When I learned about the timeline for the COVID-19 vaccination creation, trials, and emergency approval, I knew it was incredibly fast. I don’t tend to be someone who plans on things outside of my control being a certain way at a certain time, but I suppose that somewhere in my mind, I had imagined that by this time of 2021, we would have reached, at least, herd immunity. I’ve been aware of a general anti-vaccination sentiment since when I was first pregnant and I knew we would soon have to be making decisions about childhood vaccine schedules. Still, I was surprised back in 2009 when other pregnant women I knew opted to not get an H1N1 vaccine. But I sort of thought that the anti-vaccination movement had more or less died out or was so fringe and isolated as to be irrelevant. When The Lancet retracted the almost entirely fictional study it had printed linking childhood vaccinations to autism, I thought that was the death knell for people opposing vaccines.
So I guess I’m even more surprised that so many Americans who have access to the vaccine have opted to not get it. Have we really just been experiencing this pandemic in such different ways?
Shortly after we got married, my husband started a six-year long process of earning his PhD in virology. This degree had been preceded by a bachelors in science and a few years working in two different labs. (It was in one of these labs where he met my sister who ultimately introduced us to each other, but that’s a story for another post.) His PhD was followed by four years in a post-doc position.
I’m not going to go into too many details about what his training entailed but suffice it to say that it was long days and long weeks in the lab, reading and writing at home, very, very little pay (part of which, he usually had to apply for grants or fellowships in order to cover his own salary). He was back in the lab within a few days after the birth of our first two.
But, of course, he learned. He became what some might call an expert in his area of virology (HIV, specifically) and he learned how to be a scientist, how to collaborate and learn with colleagues, how to understand how all of the different pieces of the field and research fit together. He learned how to write (and perhaps more importantly to read) articles.
There were many sacrifices made by him and his colleagues and, yes, to a lesser degree made by me and the other families who were supporting them. He is not alone in this. Scientists in many different fields make sacrifices every day to learn and to contribute to the greater body of knowledge of their fields, which, in his case, is viruses. And even though he is no longer in a lab and has been lucky enough to be able to work from home, he is on the phone every day with other scientists figuring out ways for them to share knowledge and collaborate and to fund research that will hopefully lead to cures and more (and better) vaccines and more and better treatment for all of what ails the human body.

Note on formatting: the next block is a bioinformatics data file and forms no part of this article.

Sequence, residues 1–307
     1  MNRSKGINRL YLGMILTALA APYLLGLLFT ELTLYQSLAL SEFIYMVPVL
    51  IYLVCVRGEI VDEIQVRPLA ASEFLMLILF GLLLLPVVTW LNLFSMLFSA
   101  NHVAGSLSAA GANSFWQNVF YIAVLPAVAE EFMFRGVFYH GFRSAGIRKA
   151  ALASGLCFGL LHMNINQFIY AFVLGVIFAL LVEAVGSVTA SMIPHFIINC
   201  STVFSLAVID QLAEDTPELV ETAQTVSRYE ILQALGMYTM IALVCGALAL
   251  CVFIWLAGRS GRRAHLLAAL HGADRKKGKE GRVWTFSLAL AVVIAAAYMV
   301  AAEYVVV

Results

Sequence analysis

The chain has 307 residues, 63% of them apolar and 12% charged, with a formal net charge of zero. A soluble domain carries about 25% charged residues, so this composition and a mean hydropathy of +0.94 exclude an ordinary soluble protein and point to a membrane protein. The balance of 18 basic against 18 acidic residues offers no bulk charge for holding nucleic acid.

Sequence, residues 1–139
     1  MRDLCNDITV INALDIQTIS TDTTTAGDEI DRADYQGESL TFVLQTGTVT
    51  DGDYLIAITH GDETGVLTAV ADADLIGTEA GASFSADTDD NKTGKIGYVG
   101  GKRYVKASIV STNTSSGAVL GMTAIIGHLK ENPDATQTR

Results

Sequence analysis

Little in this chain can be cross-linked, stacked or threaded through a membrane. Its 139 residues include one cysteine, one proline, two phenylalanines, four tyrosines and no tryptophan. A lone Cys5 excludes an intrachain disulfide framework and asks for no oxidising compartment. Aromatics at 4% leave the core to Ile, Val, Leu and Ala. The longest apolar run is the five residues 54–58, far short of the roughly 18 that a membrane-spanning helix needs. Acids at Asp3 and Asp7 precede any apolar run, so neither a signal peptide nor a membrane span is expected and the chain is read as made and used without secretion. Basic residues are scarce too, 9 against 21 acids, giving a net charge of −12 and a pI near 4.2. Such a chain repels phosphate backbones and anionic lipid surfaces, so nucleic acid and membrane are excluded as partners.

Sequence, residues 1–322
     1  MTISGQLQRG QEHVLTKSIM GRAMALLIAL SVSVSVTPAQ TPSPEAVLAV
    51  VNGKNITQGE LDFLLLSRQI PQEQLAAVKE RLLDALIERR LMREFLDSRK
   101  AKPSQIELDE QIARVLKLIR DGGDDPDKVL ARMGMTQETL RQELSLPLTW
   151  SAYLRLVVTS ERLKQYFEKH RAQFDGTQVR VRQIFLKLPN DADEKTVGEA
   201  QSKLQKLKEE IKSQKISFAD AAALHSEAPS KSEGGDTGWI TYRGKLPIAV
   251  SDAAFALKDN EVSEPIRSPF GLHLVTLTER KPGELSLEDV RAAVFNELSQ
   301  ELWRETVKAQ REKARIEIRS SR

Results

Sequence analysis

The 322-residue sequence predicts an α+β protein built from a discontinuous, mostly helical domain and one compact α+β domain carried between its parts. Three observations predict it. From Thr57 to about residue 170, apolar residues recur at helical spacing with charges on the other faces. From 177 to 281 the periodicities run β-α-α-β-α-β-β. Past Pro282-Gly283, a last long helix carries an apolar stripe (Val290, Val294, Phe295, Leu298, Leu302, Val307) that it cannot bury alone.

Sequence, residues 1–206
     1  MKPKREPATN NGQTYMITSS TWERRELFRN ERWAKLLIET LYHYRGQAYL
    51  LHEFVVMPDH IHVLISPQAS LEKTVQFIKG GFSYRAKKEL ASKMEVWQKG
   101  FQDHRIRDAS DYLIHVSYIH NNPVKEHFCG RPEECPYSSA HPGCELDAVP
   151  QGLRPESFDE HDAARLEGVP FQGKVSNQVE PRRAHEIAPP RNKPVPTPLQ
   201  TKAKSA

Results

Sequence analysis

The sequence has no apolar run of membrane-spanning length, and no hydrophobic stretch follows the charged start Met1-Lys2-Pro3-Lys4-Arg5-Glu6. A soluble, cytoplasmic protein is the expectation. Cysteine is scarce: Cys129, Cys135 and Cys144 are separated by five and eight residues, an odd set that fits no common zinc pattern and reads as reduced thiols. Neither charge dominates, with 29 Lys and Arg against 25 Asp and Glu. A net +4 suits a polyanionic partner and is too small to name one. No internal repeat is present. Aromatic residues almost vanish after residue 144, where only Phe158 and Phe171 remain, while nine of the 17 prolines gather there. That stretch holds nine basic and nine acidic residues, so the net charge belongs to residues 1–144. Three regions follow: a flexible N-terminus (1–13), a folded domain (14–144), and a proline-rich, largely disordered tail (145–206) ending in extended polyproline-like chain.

Like many in his field, he doesn’t have a lot of time for socializing outside of work. Through the pandemic, much of his socializing has been answering friend’s and family member’s questions about Covid-19. Although it’s not his area of expertise specifically, he does need to stay on top of what’s going on in that area of the field. And he will periodically point out to me conversations that have played out on Facebook. These are invariably alarming to me.
The ones I find most alarming are those who post about how they are not getting vaccinated. These anti-vaccination people then point to some article or anecdote about the vaccine that is so obviously biased or mis-interpreted or even just flat out factually incorrect.
Here’s the thing. The people who are posting these sorts of things are stupid people. Like my husband, like many of us, they have their area or areas of expertise. Unlike my husband, that area of expertise is not viruses. In most cases, it’s not science at all.
I think that papers and articles and journals and information generally should be readily available to everyone and anyone. Information should not be guarded or kept behind lock and key in any way. But I also think that people should recognize their own limitations and areas of understanding and, in doing so, recognize that other people, like my husband, do, in fact, have more knowledge about certain things that they do.
The closer that a person who is expressing anti-vaccine sentiments or propaganda is to me and my husband, the more they know about what it took for my husband to learn all that he has learned, the more it feels like a kick in the teeth to me when they perpetuate anti-vaccine ideas. My husband doesn’t have time to comb through and respond to all of the articles people are citing on Facebook or other places which, in their minds, appear to be a “smoking gun” proving that the vaccines are bad or ineffective or dangerous or whatever it is that they are trying to show or prove. Mostly, I think it’s that they are trying to show that they know more than the people who have made the study of viruses and human immunology their life’s work. I don’t know why they must insist that they know better, why they must prove that they are so fiercely independent, and why they must hold so tightly to this self concept of being self made and self taught. I don’t understand why they can’t accept that sometimes there are people who do, in fact, know better than them and who are not, in fact, out to harm them.
The bottom line is this: please get the vaccine. Please, if you have any platform or sway with people who haven’t gotten vaccinated or who are anti-vaccine, please, please try to convince them otherwise. Let’s not let all the work and the sacrifices that people have done and made in this pandemic and before be in vain.